3 Ways to Improve Conveyor Sanitation in Food Processing

Key design features to improve sanitation and productivity β€” and increase profitability.

Hab067 Saniclip On Fish Processing Belt
Habasit

Food processing plants must balance rigorous hygiene requirements with the need to improve productivity, leaving many plant managers unsure of the best investments regarding conveyor systems. Below, some advice on how to improve conveyor belt sanitation in food processing applications.

Conveyor belts in food processing are key focus areas for cleaning as they are in direct contact with food products. The biggest challenge they face is cross contamination, where food products are contaminated by foreign bodies. This can either be physical contamination or microbiological contamination, caused by biofilm build-up on the line. 

Biofilms typically consist of water, lipids, proteins, polysaccharides and microorganisms and are particularly challenging for food processing sanitation operators to remove. Essentially, biofilm structures create bacterial colonies and single-cell groups that adhere to surfaces. These are preserved by a protective dome of polysaccharide meshing, making them difficult to remove and clean. Therefore, hygienic design features that prevent biofilm build-up from occurring in the first place are crucial for ongoing hygiene in food processing plants.

Hygienic belt design

A critical area for modular belting is the hinges, where, if not properly cleaned, product debris might accumulate and biofilm grows. Therefore, hygienic belt design must limit the surface area of hinges and provide easy access to belting from all sides, allowing sanitation workers to inspect, clean, and validate belts quickly and effectively. Belts must also facilitate the flow of water and cleaning agents to the most hidden parts and the rods connecting the belts, so they cannot become breeding grounds for harmful bacteria. 

Overcoming this challenge led to the development of Super HyCLEAN, a plastic modular belting range designed to improve cleaning efficiency and food safety. These belts have a completely flat belt surface, including on the running side, where the hinge and rod area have been minimized. The hinges have been placed on the outer sides of the belt, resulting in a flat bottom surface, significantly reducing any areas at risk of debris collection and biofilm accumulation. Furthermore, the dynamic open hinge allows water flow to reach the hinges and the rods, facilitating debris removal.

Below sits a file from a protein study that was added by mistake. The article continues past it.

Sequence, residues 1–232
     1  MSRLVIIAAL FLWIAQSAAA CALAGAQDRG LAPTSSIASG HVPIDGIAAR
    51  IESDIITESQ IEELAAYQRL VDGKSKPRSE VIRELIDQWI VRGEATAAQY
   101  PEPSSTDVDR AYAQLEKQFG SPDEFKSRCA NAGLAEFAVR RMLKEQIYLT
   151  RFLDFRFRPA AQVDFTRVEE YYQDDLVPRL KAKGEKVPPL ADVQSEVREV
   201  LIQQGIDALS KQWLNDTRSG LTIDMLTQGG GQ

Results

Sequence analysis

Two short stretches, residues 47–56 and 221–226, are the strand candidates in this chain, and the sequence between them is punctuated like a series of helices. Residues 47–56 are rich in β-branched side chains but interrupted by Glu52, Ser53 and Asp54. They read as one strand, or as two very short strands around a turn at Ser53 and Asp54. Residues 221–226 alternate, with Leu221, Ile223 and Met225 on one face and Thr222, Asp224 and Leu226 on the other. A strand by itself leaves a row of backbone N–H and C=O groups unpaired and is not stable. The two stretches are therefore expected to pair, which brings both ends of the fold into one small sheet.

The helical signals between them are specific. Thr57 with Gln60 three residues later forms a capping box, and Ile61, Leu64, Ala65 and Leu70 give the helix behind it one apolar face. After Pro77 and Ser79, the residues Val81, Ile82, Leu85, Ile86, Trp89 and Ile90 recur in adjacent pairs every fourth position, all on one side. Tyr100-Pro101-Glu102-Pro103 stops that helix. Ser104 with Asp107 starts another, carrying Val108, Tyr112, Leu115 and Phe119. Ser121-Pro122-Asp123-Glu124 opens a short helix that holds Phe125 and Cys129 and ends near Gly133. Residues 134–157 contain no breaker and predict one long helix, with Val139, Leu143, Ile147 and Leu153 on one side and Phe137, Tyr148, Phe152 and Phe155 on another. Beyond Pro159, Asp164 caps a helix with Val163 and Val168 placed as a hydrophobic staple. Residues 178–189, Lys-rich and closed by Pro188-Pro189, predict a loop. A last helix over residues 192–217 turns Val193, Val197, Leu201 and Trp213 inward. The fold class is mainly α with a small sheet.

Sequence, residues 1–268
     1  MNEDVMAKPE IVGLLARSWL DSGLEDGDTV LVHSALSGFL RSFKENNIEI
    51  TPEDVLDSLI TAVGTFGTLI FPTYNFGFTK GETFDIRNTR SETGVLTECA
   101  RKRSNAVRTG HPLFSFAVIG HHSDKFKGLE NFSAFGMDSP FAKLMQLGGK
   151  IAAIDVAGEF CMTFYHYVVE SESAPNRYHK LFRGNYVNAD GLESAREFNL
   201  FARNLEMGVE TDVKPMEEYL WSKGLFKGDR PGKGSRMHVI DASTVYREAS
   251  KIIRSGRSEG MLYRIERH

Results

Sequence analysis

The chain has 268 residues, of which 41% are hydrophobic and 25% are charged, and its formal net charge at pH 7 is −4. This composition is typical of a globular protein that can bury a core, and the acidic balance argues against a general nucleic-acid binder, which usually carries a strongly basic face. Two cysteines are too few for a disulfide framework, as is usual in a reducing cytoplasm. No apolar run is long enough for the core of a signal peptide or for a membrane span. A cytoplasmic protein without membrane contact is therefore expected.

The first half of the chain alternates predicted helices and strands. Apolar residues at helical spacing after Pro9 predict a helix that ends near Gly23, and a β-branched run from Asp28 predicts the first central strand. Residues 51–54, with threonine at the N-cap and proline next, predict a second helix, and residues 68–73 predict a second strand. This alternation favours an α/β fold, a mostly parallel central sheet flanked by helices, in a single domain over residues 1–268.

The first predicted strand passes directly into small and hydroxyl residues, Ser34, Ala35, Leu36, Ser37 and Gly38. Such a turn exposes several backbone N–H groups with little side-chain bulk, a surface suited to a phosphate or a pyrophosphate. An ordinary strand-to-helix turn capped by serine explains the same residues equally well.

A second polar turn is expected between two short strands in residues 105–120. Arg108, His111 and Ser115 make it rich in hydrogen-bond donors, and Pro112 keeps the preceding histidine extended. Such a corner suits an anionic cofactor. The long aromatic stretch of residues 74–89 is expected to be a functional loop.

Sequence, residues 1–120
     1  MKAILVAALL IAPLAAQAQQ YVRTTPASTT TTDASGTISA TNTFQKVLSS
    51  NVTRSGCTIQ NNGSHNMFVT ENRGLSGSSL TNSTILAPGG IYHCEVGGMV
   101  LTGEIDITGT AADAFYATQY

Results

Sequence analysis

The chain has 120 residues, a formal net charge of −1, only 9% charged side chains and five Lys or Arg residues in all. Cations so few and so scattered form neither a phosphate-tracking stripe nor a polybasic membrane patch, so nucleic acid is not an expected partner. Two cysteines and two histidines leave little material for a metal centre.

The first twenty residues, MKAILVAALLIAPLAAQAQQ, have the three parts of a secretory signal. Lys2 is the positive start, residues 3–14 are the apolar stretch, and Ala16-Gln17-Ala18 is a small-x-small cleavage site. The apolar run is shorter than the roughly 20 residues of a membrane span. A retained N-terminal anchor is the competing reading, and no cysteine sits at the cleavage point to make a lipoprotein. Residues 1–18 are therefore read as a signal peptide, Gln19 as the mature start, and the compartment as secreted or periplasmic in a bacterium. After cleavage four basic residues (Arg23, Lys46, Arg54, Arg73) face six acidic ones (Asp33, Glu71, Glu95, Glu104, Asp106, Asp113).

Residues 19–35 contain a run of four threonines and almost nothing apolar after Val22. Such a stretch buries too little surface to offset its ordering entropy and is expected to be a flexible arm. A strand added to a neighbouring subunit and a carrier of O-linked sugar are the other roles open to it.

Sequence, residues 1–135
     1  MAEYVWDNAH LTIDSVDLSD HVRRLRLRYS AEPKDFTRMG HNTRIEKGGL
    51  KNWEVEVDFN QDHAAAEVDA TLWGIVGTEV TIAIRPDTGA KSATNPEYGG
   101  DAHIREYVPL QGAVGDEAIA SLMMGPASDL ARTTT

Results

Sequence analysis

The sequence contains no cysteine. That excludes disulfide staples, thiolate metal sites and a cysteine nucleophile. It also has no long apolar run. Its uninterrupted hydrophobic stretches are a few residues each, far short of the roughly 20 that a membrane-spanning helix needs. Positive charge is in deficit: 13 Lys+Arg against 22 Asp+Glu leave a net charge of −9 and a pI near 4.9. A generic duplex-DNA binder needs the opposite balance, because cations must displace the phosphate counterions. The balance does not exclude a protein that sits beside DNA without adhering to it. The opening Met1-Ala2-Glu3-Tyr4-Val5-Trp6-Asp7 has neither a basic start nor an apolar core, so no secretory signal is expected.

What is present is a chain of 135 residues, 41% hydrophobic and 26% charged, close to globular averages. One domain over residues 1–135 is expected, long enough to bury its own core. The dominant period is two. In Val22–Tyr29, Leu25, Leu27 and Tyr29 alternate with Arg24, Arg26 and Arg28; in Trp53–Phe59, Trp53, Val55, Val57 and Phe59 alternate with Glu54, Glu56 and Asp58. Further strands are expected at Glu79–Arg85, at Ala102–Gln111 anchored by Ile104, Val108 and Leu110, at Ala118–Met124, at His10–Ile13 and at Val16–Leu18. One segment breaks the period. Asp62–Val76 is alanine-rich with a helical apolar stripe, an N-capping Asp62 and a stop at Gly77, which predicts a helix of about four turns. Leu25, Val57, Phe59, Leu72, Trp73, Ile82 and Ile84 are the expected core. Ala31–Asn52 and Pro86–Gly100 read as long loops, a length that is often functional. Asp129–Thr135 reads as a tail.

Independent third-party testing and industrial trials in the most hygienically demanding applications in poultry, fish, and red meat processing concluded that cleaning operation time and water usage can both be reduced by over 50 per cent because they trap less debris. Further testing using UV-tracers found that, after only five rinsing cycles, there was up to 4.1 times less soil residue on Super HyCLEAN compared to other commonly used hygienic plastic modular belts. Furthermore, microbiological swab tests and CFU testing showed the belts developed 20 times fewer bacterial colonies compared to commonly used hygienic modular belts.

Hygienic component considerations

The next way hygiene of food processing conveyors can be improved is by using modern cleaning in place (CIP) units ꟷ spray cleaning bars fitted to conveyor frames to increase cleaning effectiveness. The functional use of CIPs is clear, they improve cleanability and reduce the time required for cleaning, therefore improving productivity. However, most food conveyor systems are not equipped with CIP units and it is often overly complicated to install them as aftermarket.

This perception is changing thanks to new plug-and-play hygienic CIP units that can be easily installed on any conveyor system. This allows industry to retrofit CIP units onto any system without requiring costly and disruptive engineering work, improving plant-wide cleanability and reducing the cleaning window, improving plant productivity.

Another way to improve hygiene in food processing is by installing components that allow removal of belts from conveyor frames without using tools, such as Saniclip. This facilitates easy cleaning of conveyor frames without requiring specialist engineers, drastically cutting the time required for cleaning and improving productivity.

Enrico Visconti, is the head of industry segment-food at hygienic conveyor belt manufacturer Habasit.

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